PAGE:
The Ratio of Force and Mass

Galileo got us this far, but we needed Isaac Newton (1642-1726) to take it one step further. Galileo was very interested in how things worked, while Newton was more interested in the why. His second law of motion states that acceleration is directly proportional to the net force and inversely proportional to the mass of the object.

Since acceleration is proportional to force, an increase in one will result in an increase in the other. More force, more acceleration. Less force, less acceleration. But because acceleration and mass are inversely proportional, this means that an increase in one will decrease the other. More mass means less acceleration, and less mass means more acceleration. So if we write this law as an equation, we get a = F/m, where a is the acceleration (usually in meters/second^2), F is net force in Newton, and m is mass in kilogram. Or we can write it as F=ma

Force = Mass times Acceleration Due to Gravity (9.8 m/s2 or 32 ft./s2)

9.8 m/sis equivalent to about 22 miles per hour (MPH) and our terminal velocity is about 120 MPH if falling with arms and legs stretched out like a skydiver (Felix Baumgartner holds the worlds record for free fall of 834 MPH; don’t try this at home kids). The video link to Felix's record breaking fall is at

The longer version is at

F = M x A Algebraic symbols can contain as much information as several sentences of text, which is why they are used. Contrary to the common wisdom, mathematics makes life easier.

This equation tells us that if the net force acting on an object is doubled, the acceleration of the object will also double. But if the mass is doubled, the acceleration will be halved. Finally, if both the net force and the mass are doubled, there will be no change in acceleration because the ratio of force to mass stays the same. 1/1 is the same as 2/2 - they both equal 1!

What does this have to do with free-fall? Well, it explains why in the absence of air resistance, heavier objects fall with the same acceleration as light ones. In fact, we even have a value for this acceleration: g, or 9.8 m/s^2. This is often rounded up to 10 m/s^2, and we'll use that for our calculations in this lesson for simplicity.

Where does this value come from? Say, for example, that we have a 1 kg person and a 1000 kg elephant. Ignoring that this is a very small person, it's a big difference in mass between the two, right? 1 kg is about 10 N, so when the 1000 kg elephant falls, the force due to gravity (its weight) is 10,000 N. For the 1 kg person, its weight is 10 N. The force is far greater for the elephant than the person, but its mass is also much greater. If we return to Newton's second law, we find that the acceleration for the elephant is 10,000 N / 1000 kg, which equals 10 m/s^2 (the unit of Newton can also be written as kg*m/s^2 so the kg of the force and mass cancel out).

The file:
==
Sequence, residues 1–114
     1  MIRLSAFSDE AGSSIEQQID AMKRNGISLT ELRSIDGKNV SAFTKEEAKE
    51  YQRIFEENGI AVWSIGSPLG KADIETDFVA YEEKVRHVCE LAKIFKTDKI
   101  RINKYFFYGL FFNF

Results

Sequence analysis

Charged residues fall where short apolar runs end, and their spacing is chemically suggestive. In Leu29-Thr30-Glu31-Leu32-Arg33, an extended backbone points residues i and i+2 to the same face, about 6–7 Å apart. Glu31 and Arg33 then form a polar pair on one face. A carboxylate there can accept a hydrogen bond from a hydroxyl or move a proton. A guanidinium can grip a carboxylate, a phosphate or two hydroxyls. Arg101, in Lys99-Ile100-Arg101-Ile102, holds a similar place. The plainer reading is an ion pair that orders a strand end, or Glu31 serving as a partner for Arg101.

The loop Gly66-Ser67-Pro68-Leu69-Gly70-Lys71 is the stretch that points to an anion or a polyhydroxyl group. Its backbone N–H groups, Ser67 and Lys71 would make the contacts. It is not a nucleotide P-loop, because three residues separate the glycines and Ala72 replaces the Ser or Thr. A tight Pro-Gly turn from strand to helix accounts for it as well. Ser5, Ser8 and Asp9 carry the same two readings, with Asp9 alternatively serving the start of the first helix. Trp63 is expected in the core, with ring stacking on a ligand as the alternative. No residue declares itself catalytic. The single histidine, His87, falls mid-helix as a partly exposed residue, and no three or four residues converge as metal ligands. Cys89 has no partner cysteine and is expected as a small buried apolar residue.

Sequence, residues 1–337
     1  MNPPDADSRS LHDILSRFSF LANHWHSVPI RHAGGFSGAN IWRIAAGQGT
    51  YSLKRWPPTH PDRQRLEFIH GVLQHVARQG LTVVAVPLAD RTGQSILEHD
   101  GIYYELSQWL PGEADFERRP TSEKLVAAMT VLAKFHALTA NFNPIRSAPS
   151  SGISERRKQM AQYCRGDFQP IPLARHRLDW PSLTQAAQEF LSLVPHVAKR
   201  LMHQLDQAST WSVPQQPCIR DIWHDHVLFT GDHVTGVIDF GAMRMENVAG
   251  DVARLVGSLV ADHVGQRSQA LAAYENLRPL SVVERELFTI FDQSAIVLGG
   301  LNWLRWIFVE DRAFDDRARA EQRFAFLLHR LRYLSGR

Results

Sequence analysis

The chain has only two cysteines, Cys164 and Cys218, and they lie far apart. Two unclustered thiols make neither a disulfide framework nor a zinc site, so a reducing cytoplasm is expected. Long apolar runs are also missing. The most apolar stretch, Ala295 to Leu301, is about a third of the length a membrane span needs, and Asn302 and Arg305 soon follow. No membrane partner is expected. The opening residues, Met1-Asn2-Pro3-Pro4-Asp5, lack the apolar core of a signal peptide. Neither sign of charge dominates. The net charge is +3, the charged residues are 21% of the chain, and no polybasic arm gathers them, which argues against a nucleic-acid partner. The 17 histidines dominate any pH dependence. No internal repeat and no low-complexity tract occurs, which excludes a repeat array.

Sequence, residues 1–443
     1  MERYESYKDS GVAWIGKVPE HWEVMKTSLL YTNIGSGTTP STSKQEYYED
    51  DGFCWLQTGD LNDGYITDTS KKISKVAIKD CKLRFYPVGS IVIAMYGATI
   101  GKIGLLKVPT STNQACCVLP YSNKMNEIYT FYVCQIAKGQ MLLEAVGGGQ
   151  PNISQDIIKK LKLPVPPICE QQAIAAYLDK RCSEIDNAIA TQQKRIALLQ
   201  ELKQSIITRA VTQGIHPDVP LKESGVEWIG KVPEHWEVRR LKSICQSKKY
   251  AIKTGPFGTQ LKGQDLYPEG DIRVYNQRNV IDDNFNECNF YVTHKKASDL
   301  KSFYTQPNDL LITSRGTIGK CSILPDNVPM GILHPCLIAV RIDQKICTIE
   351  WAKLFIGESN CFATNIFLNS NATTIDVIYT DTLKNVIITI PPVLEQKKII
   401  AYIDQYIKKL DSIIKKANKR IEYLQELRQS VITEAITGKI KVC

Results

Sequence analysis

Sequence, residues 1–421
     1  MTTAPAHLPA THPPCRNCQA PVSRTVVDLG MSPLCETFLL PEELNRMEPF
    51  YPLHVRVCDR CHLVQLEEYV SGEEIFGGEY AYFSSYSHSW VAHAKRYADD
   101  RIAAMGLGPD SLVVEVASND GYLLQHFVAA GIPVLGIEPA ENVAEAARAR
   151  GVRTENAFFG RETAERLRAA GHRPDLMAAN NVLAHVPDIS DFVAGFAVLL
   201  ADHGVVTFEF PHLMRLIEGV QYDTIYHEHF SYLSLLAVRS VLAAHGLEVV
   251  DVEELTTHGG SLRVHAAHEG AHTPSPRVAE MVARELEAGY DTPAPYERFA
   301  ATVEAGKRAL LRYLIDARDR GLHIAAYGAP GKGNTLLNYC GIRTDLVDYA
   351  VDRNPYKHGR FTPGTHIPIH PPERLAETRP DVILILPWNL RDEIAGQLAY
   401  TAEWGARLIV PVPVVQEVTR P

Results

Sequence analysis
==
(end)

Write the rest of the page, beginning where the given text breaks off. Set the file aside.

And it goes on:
What about the 1 kg person? If we do the math, we find that 10 N / 1 kg = 10 m/s^2 as well!

Can you see how the proportional force increases the acceleration while at the same time the inversely proportional mass decreases it? It's because of this relationship between force and mass that both objects will have the same acceleration in free-fall.

Your job this week: F (newtons) = M (weight kg) x A (acceleration g)

1. Read these pages on Free Fall, Acceleration Due to Gravity and Mass.
2. Take several objects of different weights that will not break when you drop them. Drop them two at a time (one in each hand) at the same time and watch (or have someone take a video; even in slow motion) the objects hit the ground at the same time.
3. Notice that when one of the objects creates a lot of drag, it does fall slower because there are forces at work other than gravity.
4. Calculate your Force in Newtons: (a) weigh yourself in pounds; (b) with a calculator or not, divide your pound weight by 2.2 or multiply it by .45 to get your weight in kilograms; (c) then multiply your weight in kilograms by Acceleration Due to Gravity on Earth of 9.8 m/s (or just 10 since it is so close; remember, just tack on a zero to multiply by 10) and that is your Force in Newtons.

Yourself Mother Father Sibling Friend

Weight in pounds  _________ _________ _________ _________ ______

Weight in kilograms

Divide pounds by 2.2  _________ _________ _________ _________ ______

Force in Newtons

Multiply Weight in kilo-

grams by 9.8 m/s or 10 _________ _________ _________ _________ ______

Yourself Object B Object C Object D Obj. E

Weight in pounds  _________ _________ _________ _________ ______

Weight in kilograms

Divide pounds by 2.2  _________ _________ _________ _________ ______

Force in Newtons

Multiply Weight in kilo-

grams by 9.8 m/s or 10 _________ _________ _________ _________ ______

Record more objects if you like below